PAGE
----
6 Things a Doctor Might Not Tell You about Parkinson’s

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Things the Doctor Isn't Telling You About Parkinson in Columbus, OH

If your senior loved one is among the 7 to 10 million people worldwide living with Parkinson’s disease, the focus will be on treating symptoms to boost his or her overall quality of life. While your loved one’s doctor is likely to provide useful information, some important considerations are often left out of such conversations. Here are a handful of things the physician might not tell you and your loved one about Parkinson’s. 

1. Drug Side Effects Can Be as Bad as Symptoms Related to the Disease

Most individuals with Parkinson’s are treated with a combination of the drugs carbidopa and levodopa to manage tremors. Many take additional drugs to treat symptoms, which may result in unexpected side effects that can include: 

  • Chronic insomnia
  • Uncontrolled repetitive movements
  • Obsessive-compulsive behaviors
  • Urinary problems
  • Lack of appetite

Many seniors with Parkinson’s disease can live at home, but they may need assistance from family members or other caregivers to do so safely. If you’re the primary caregiver for a senior family member and you need respite care, Columbus, OH, Home Care Assistance is here to help. Our respite caregivers are trained to assist older adults with a wide variety of everyday tasks, including meal prep, physical activity, and personal hygiene. We also provide 24-hour care and specialized care for seniors with Alzheimer’s, dementia, and Parkinson’s.

2. It Takes Time to Find the Right Treatments

The process of finding an effective combination of treatments for your loved one could take several months or even years. It’s often a trial-and-error process that can include unexpected symptoms and several medication adjustments. 

3. Neurologists Aren’t Necessarily Parkinson’s Specialists

Not all neurologists have the additional training required to address issues specific to Parkinson’s. The Michael J. Fox Foundation offers advice on how to find a neurologist specializing in movement disorders on its website.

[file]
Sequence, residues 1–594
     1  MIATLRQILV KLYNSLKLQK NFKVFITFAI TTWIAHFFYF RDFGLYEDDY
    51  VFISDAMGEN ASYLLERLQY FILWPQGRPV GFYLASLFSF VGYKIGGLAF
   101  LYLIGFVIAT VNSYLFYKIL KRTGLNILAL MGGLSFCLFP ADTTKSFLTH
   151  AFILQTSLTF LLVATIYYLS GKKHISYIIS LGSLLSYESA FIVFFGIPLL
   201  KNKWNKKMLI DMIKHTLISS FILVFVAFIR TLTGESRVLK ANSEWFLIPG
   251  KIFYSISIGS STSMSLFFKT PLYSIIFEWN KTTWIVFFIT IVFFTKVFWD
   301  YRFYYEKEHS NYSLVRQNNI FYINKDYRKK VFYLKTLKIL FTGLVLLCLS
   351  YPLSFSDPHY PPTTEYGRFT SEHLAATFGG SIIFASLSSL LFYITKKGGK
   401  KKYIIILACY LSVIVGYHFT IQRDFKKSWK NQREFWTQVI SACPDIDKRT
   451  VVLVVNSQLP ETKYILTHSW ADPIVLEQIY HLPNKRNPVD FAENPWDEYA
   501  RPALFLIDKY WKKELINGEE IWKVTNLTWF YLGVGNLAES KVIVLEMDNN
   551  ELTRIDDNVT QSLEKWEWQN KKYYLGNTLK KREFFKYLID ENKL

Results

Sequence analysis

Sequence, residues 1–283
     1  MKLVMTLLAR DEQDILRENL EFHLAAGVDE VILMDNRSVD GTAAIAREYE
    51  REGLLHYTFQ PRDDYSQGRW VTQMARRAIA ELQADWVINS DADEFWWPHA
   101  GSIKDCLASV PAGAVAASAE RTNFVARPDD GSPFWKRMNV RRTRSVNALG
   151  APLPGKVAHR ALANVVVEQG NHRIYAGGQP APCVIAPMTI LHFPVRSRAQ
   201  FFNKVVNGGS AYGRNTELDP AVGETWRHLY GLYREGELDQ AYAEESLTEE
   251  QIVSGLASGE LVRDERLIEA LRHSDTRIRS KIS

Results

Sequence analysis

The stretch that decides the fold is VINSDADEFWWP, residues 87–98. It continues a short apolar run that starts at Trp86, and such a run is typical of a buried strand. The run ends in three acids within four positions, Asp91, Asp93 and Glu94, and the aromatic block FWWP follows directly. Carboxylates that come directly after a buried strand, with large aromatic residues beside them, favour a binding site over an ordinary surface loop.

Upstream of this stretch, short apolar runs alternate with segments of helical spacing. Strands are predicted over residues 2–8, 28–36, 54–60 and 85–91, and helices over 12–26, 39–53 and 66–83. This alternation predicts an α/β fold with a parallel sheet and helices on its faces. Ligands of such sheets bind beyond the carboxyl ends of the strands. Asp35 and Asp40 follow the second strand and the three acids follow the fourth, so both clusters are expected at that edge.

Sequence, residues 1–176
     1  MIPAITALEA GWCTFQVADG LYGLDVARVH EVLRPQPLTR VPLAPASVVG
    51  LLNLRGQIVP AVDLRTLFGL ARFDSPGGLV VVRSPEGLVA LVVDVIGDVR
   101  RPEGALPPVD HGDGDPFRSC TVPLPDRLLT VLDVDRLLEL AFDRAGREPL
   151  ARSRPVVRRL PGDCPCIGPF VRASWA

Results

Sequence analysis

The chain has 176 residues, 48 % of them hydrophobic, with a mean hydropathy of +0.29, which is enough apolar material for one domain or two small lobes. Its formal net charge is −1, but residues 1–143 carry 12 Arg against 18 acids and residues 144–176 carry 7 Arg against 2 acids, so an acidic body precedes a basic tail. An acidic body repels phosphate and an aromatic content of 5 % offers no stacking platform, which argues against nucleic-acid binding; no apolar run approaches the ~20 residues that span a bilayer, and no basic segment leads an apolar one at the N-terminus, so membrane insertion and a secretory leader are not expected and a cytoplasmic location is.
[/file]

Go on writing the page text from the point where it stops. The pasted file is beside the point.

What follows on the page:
4. Exercise & Physical Therapy Can Be Beneficial

One study suggests exercising two to four times a week can be beneficial for people with Parkinson’s. Studies also suggest physical therapy may increase coordination and stability. 

Your loved one may get a great deal of benefit from having a professional caregiver help with exercise and everyday tasks. Families looking for top-rated home care service providers can reach out to Home Care Assistance. From respite care to specialized Alzheimer’s, dementia, stroke, and Parkinson’s care, there are many ways we can make life easier for seniors and their loved ones.

5. Not All Parkinson’s Symptoms Are Neurological

Tremors and other neurological symptoms aren’t the only issues seniors with Parkinson’s may face at some point. Non-motor symptoms may include: 

  • Problems with speech
  • Difficulty swallowing
  • Mood changes
  • Constipation
  • Sleep issues

6. Support Groups Can Be a Much-Appreciated Resource

Being around people in the same age group can help seniors address concerns doctors often don’t consider. For instance, a support group for older adults with Parkinson’s may discuss seniors’ concerns about not being able to interact with their grandchildren in the same ways they used to. 

Parkinson’s disease can be particularly challenging, especially in its final stages, and family caregivers can easily get overwhelmed. Caring for a senior loved one can be challenging for families who don’t have expertise or professional training in home care, but this challenge doesn’t have to be faced alone. Family caregivers can turn to Columbus Home Care Assistance for the help they need. We provide high-quality live-in and respite care as well as comprehensive Alzheimer’s, dementia, stroke, and Parkinson’s care. To create a comprehensive in-home care plan for your loved one, call us at (614) 481-8888 today.


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